The doctoral program in Mental Health Counseling provides professional preparation in applied counseling, with two learning tracks to choose from. Students may choose the mental health counseling track to meet the educational requirements for a licensed mental health counselor (LMHC) in Massachusetts, and similar professional designations in other states. In addition, students may choose the non-licensure track for experience addressing mental health issues, human dynamics and social justice in a variety of institutions or work places. The program is based on a balanced sequential scientist/practitioner model and emphasizes the interrelatedness of theory, research, and practice, and offers choices to meet the individual needs of students.
Those who are interested in pursuing certification or licensure will generally meet academic, experiential, and other requirements depending on the type of certification/licensure sought, however, each state or jurisdiction may have additional requirements. Students are responsible for ensuring that they meet all state licensing requirements. For specific information, your state or provincial certification/licensing board should be contacted.
Coverage includes descriptive statistics: central tendency, variability, transformed scores, graphing, skewness, and kurtosis. Also included will be probability and inferential statistics, including z test, t tests (one and two sample), ANOVA, Chi square and the Pearson r. Basic preparation in mathematics is needed. PREREQUISITE: Preparation in math.
This course examines social science research including evaluative methodologies and strategies, types of research, program evaluation, needs assessments, and ethical and legal considerations. This course links statistical analysis and research methodology so that the student may become a sophisticated research consumer as well as research producer. Understanding research strategy and the logic behind the statistical tests for applied purposes is the underlying theme of the course. This course will allow students to understand the nature of empirical research in developing surveys, educational interventions, program evaluations, and therapeutic strategies. PREREQUISITE: None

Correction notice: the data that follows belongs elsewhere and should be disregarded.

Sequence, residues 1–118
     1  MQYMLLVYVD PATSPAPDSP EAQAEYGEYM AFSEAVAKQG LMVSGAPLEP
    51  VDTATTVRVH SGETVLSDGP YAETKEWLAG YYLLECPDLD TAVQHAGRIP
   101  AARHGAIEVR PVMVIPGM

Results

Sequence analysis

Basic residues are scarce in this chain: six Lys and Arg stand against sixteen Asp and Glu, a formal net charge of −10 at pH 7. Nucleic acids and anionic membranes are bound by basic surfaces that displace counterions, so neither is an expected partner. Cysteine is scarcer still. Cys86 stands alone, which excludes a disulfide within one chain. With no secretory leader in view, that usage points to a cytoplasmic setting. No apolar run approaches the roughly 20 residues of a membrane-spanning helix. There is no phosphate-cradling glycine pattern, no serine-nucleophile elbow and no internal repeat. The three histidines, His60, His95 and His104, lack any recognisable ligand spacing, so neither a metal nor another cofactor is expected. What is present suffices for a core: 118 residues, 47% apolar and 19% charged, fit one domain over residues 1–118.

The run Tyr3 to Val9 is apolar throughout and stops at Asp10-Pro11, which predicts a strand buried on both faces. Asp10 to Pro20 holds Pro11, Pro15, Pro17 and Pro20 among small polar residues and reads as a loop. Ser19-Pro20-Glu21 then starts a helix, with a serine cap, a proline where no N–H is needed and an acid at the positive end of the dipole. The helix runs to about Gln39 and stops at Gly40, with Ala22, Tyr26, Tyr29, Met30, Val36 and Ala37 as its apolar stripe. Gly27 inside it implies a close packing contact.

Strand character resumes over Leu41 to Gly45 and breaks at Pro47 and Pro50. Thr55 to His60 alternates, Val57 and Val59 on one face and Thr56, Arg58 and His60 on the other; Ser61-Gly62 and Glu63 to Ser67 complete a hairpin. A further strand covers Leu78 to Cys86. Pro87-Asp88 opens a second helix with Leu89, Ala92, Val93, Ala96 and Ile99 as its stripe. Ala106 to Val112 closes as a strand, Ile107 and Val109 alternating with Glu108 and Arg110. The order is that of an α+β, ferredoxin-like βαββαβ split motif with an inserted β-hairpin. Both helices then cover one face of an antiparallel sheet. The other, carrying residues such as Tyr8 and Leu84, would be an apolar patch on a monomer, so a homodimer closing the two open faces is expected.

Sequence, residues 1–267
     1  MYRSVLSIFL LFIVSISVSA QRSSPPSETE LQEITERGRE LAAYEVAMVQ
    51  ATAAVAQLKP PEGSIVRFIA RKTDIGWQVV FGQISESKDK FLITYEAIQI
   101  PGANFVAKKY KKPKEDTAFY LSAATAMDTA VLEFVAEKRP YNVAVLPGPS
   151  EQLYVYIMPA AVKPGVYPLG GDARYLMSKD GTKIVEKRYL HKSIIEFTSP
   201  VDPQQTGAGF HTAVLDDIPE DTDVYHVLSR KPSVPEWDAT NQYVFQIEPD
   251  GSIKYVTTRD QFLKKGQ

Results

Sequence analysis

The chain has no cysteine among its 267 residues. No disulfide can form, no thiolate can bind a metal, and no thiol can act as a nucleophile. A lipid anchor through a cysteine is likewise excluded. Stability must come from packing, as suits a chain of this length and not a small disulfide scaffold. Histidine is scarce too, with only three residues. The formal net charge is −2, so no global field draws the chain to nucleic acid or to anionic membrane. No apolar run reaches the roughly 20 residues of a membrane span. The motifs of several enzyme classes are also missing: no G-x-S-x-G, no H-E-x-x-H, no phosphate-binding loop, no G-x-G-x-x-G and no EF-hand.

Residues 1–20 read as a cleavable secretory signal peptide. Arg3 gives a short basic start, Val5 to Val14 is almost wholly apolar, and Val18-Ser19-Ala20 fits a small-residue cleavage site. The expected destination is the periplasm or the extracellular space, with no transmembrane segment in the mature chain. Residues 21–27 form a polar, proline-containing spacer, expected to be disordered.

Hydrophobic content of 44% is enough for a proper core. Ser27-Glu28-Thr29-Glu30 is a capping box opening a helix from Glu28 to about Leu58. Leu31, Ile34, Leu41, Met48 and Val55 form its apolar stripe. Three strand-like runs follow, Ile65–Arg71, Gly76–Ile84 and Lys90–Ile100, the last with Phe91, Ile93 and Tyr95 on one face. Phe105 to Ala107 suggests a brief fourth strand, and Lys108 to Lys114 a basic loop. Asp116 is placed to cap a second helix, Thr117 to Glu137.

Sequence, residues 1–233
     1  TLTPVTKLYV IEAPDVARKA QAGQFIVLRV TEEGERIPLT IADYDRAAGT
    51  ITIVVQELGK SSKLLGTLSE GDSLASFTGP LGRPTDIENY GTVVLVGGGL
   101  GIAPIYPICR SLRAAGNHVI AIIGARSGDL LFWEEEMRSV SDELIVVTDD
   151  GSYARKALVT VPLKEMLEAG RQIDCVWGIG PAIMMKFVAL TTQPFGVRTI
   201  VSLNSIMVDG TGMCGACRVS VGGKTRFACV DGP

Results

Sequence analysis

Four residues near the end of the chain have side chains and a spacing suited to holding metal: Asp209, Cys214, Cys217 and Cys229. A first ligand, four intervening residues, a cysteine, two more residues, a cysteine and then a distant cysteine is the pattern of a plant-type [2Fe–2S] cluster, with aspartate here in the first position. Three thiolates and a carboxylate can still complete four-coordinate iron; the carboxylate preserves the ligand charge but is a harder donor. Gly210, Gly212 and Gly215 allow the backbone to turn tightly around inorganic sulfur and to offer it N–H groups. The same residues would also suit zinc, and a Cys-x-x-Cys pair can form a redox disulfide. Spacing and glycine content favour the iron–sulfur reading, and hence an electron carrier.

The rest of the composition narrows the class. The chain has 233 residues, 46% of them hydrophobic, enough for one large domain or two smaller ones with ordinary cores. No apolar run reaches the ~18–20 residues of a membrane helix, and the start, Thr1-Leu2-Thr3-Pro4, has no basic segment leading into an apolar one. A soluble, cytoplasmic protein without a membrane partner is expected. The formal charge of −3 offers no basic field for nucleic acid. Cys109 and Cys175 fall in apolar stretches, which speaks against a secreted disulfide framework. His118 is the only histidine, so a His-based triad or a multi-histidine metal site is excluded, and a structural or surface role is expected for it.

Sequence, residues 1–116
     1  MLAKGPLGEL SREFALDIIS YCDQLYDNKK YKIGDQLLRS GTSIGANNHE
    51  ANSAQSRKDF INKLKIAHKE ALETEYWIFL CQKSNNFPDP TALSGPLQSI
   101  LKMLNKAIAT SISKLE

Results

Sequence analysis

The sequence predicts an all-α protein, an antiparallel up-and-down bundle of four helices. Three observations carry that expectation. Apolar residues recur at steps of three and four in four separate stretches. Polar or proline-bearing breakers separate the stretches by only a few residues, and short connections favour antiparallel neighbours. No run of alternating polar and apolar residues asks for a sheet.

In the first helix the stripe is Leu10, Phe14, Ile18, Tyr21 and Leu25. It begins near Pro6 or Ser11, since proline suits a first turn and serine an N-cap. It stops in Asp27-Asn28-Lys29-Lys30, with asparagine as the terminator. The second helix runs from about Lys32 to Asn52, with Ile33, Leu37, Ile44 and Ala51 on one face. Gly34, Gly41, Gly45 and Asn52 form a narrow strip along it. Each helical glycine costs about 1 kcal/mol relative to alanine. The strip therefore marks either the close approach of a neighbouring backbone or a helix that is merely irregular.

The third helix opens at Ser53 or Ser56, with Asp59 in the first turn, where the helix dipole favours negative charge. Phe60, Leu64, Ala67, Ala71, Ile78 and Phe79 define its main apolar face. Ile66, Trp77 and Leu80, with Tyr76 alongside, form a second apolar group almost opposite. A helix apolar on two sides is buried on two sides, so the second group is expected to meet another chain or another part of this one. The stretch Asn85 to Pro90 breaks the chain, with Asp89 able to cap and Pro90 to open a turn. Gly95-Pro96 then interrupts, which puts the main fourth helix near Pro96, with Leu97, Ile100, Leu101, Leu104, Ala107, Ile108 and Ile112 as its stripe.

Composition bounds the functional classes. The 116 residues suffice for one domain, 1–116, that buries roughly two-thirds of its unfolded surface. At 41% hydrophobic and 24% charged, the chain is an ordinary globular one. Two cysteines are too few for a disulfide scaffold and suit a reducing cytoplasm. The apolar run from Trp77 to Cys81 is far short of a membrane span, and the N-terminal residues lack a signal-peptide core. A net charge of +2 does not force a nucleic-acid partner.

This course examines the major theories, principles and techniques of mental health counseling and the application of such theories to counseling settings. This includes the examination of the influence of psychoanalytic, interpersonal/social, cognitive and behavioristic theories on present therapeutic techniques. A number of treatment modalities and styles of counseling are evaluated and the relationship between the nature of the disturbance and the effectiveness of each approach is discussed. Coursework, classroom discussion and role play is used to translate theoretical understanding into effective counseling behavior for a clear understanding of applying theoretical perspectives to work with clients. PREREQUISITE: None
This course will provide students with a solid basis in General Systems Theory in relation to mental health counseling. Coverage will include theories and techniques that could be used by the counselor or psychologist in dealing with family issues. Topics will include initial interview skills, therapeutic intervention techniques and the application of systems theory to the family setting. Included will be usefulness and application of theory to culturally diverse groups, single parent and blended families. PREREQUISITE: None